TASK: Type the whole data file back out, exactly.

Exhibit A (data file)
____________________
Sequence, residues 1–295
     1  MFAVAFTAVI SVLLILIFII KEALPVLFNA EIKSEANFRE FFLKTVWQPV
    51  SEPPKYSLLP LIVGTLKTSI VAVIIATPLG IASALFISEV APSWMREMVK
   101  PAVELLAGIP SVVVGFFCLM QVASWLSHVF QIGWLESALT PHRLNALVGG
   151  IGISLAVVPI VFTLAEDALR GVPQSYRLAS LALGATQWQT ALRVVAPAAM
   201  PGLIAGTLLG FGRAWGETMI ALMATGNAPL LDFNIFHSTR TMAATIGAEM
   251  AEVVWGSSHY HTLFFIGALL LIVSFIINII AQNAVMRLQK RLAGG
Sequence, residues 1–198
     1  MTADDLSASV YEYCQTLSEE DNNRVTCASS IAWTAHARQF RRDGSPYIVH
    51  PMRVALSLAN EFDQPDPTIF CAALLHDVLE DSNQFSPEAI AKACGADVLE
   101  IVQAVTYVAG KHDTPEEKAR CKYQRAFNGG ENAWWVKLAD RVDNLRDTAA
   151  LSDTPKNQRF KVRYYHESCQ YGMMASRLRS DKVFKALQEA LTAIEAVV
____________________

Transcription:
Sequence, residues 1–295
     1  MFAVAFTAVI SVLLILIFII KEALPVLFNA EIKSEANFRE FFLKTVWQPV
    51  SEPPKYSLLP LIVGTLKTSI VAVIIATPLG IASALFISEV APSWMREMVK
   101  PAVELLAGIP SVVVGFFCLM QVASWLSHVF QIGWLESALT PHRLNALVGG
   151  IGISLAVVPI VFTLAEDALR GVPQSYRLAS LALGATQWQT ALRVVAPAAM
   201  PGLIAGTLLG FGRAWGETMI ALMATGNAPL LDFNIFHSTR TMAATIGAEM
   251  AEVVWGSSHY HTLFFIGALL LIVSFIINII AQNAVMRLQK RLAGG
Sequence, residues 1–198
     1  MTADDLSASV YEYCQTLSEE DNNRVTCASS IAWTAHARQF RRDGSPYIVH
    51  PMRVALSLAN EFDQPDPTIF CAALLHDVLE DSNQFSPEAI AKACGADVLE
   101  IVQAVTYVAG KHDTPEEKAR CKYQRAFNGG ENAWWVKLAD RVDNLRDTAA
   151  LSDTPKNQRF KVRYYHESCQ YGMMASRLRS DKVFKALQEA LTAIEAVV